Day 6 of Hanukkah at Anvil

Build a web app for each night of Hanukkah, with nothing but Python!

Strong opinions

Sourcream? Applesauce? Maybe even… ketchup? Ashkenazim have been arguing over this for generations’ worth of Hanukkot, but now, with the power of Anvil, we can finally lay the question to rest. What IS the best latke topping?

In today’s app, we let you have your say on the best latke topping of all time… or at least, pick from the 10 options provided! Vote here:

Or get the code here:

How is the survey page made?

Just like the spellings app, we choose the ‘Hello San Francisco’ style when creating a new app and replace the header.jpg asset with a suitably wintery image.

The UI is made up of Link components, each with an Image and a Label inside. For each Link component, we write a ‘click’ event handler to define what happens when someone clicks on the image or the label.

In the event handler, we first call a server function which registers a vote for that topping, and then call open_form to take us to the results page.

def applesauce_link_click(self, **event_args):


def vote_and_open_results(topping):"register_vote", topping)

Registering votes and preventing spam

In the back end, we have a Data Table containing the information for our toppings and their current standings.

We also have the server function which registers the vote when a link is clicked:

def register_vote(topping):
  if not anvil.server.cookies.local.get('voted', False):
    row = app_tables.tallies.get(topping=topping)
    row['votes'] += 1
    anvil.server.cookies.local['voted'] = True

The bits using anvil.server.cookies are there to ensure that a single user can’t just vote for a given topping over and over again. Anvil’s cookie handling allows you to store data for a given user for 30 days, so unless you care enough to continuously open incognito windows or clear your cookies, it means that your vote only counts once.

Wonderful! We’ve now built something that’ll let people vote for a topping; now, we need to build a way to display the results.

in the server, we add two functions: one to send the current vote standings back to the client, and one to tell us who the current winner is.

def get_votes_dict():
  votes_dict = {}
  for row in
    votes_dict[row['display_name']] = row['votes']
  return votes_dict

def get_winner():
  winning_votes = 0
  for row in
    if row['votes'] > winning_votes:
      winning_votes = row['votes']
      winner = (row['topping'], row['display_name'], row['votes'])
    elif row['votes'] == winning_votes:
      winner = False
  return winner

The get_winner function actually returns False if there’s a tie. If there is a single winner, it’ll send back the information from its row in the data table, so that we can display it to the user. We’ll see how this data gets used in the client now.

Displaying the results

Earlier, we called a function called open_form in the client code. Now, we need to build a new form for it to open, called ResultsForm.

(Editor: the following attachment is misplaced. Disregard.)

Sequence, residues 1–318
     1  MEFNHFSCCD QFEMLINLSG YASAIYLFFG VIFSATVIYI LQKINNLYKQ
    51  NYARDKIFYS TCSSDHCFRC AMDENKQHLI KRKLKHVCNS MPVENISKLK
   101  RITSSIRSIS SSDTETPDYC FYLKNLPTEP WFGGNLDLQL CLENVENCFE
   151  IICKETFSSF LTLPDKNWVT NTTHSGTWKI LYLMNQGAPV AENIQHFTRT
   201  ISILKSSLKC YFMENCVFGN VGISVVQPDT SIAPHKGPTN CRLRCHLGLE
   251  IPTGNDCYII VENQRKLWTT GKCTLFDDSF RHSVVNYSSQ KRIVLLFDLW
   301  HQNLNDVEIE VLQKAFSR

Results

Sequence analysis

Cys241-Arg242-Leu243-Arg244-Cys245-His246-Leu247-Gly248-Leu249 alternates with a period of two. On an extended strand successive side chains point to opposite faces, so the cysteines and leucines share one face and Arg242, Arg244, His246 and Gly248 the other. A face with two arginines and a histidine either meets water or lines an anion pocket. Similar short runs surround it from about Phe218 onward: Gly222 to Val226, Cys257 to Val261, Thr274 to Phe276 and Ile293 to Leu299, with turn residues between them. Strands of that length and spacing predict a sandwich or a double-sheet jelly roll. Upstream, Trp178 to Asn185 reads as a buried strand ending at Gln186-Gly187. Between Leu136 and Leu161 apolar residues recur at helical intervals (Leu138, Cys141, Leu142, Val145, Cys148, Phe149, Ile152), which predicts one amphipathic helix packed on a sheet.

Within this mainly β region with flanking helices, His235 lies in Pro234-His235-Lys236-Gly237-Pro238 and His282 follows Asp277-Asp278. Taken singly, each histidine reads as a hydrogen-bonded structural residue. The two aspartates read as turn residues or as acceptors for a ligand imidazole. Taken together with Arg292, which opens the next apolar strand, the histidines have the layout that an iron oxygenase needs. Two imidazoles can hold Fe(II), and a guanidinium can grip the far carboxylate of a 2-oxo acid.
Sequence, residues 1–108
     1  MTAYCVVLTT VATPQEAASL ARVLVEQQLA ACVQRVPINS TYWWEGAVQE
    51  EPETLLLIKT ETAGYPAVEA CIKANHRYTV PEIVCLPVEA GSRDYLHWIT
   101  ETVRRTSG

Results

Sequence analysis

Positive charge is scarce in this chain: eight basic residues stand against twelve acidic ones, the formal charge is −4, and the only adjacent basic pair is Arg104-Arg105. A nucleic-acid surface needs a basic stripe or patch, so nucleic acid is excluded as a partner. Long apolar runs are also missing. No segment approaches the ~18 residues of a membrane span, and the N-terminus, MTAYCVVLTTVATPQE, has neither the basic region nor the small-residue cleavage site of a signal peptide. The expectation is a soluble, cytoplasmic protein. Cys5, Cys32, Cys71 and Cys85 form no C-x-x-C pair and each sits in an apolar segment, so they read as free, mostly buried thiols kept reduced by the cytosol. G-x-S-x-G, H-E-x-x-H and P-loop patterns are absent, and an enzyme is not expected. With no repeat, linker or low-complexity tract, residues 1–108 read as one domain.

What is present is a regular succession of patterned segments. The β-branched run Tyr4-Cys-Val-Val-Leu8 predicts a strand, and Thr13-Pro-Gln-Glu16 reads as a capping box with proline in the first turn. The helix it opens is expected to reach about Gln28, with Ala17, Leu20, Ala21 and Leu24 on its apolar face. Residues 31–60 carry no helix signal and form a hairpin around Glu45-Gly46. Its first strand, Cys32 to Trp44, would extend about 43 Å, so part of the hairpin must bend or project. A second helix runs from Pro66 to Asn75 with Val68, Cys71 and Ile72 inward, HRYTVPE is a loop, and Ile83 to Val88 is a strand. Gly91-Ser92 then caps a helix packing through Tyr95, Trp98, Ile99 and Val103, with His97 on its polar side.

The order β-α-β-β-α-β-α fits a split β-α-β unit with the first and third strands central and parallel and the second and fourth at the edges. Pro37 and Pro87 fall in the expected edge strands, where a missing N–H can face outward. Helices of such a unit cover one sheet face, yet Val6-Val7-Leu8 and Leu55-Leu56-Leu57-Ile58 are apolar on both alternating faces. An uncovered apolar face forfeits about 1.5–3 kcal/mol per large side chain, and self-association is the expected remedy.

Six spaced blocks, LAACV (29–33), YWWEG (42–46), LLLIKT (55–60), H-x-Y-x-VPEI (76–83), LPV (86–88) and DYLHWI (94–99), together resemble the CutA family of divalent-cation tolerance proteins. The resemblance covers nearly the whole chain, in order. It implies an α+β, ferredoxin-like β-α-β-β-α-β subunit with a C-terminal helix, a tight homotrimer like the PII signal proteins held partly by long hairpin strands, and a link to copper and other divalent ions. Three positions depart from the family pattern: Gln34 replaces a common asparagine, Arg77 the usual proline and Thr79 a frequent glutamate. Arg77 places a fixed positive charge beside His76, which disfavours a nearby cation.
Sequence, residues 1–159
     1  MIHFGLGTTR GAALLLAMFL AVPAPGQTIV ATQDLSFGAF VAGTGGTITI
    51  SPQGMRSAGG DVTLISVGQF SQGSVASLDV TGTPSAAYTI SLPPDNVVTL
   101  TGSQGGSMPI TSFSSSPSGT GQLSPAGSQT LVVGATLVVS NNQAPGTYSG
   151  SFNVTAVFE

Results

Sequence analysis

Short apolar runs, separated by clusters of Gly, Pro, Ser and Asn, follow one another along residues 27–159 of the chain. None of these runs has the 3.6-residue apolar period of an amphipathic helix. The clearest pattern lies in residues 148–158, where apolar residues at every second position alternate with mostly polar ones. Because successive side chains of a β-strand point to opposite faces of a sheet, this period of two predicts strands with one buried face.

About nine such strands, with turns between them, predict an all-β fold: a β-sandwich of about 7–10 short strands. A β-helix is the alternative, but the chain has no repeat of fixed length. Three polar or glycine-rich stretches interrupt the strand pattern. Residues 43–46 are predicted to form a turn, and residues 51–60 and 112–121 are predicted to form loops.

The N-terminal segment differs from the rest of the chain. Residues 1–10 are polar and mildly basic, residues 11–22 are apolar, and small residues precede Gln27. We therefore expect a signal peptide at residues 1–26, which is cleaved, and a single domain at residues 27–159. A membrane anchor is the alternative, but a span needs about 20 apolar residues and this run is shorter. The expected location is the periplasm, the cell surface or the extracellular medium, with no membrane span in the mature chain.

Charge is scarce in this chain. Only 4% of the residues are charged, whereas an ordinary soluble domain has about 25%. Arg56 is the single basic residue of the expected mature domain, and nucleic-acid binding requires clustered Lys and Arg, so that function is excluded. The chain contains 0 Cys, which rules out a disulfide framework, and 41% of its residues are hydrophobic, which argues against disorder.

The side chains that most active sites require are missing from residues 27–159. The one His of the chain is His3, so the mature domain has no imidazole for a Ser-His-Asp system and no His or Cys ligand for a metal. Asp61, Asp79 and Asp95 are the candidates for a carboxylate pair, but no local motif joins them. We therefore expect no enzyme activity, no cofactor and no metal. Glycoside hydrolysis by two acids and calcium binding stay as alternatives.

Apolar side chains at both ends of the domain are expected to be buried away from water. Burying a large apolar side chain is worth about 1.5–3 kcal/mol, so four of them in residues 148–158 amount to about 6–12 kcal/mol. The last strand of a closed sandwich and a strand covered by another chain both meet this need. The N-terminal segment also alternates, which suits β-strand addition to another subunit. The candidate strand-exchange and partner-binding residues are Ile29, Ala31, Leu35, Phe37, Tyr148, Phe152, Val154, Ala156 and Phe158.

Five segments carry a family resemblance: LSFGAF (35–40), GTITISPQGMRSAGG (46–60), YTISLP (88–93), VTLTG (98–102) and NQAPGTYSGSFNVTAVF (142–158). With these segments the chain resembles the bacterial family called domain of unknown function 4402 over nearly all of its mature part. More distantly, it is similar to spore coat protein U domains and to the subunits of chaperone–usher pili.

Here’s how it looks in the GUI:

That’s an XYPanel called winner_panel above, and a Plot called results_plot below. Since the way this page looks is so dependent on what gets returned from the server, we do most of the construction of it in code rather than the GUI, which is why the above image looks somewhat bare!

Here’s the code in its __init__ method:

class ResultsForm(ResultsFormTemplate):
  def __init__(self, **properties):
    # Set Form properties and Data Bindings.
    # Display the winner(s)
    winner ='get_winner')

    if winner:
      # Each of the image files is uploaded as an asset, named for the topping
      img_source = "{}.png".format(winner[0])
      image = Image(source=img_source)
      name_label = Label(text=winner[1], font="Georgia", font_size=45)
      votes = winner[2]
      if votes == 1:
        votes_label = Label(text="with 1 vote", font="Georgia", font_size=45)
        votes_label = Label(text="with {} votes".format(winner[2]), font="Georgia", font_size=45)
      self.winner_panel.add_component(image, x=100, y=100, width=300, height=300)
      self.winner_panel.add_component(name_label, x=500, y=100)
      self.winner_panel.add_component(votes_label, x=500, y=200)
      tied_label = name_label = Label(text="Tied!", font="Georgia", font_size=60)
      self.winner_panel.add_component(tied_label, x=500, y=100)
    # Display the vote totals
    votes_dict ='get_votes_dict')
    names = []
    votes = []
    for name, vote in votes_dict.items():
      votes.append(vote) = go.Bar(
      x = names,
      y = votes,
      name="Latke Topping Survey Results"

That’s a lot! The first if loop handles the two possibilities: a distinct winner, or a tie. In the tie situation, we simply display a label saying ‘Tied!’ in the XYPanel, whereas if there is a clear winner, we add its image, name, and number of votes it currently has.

Then, we put the vote information into a Plotly graph.

Here’s how it looks with a tie:

And with a clear winner:

Now that we’ve added this page, we can add a button at the top of the survey page to take us right there without having to vote.

def results_button_click(self):

Refreshing the page will take you back to the survey form, but clicking another topping won’t count towards the vote standings, because you’ve got voted = True in your cookies (unless you cheated, and opened an incognnito window…)

That’s it!

And that’s all there is to it! Now get sharing, so we can get enough data for a conclusive result ;)

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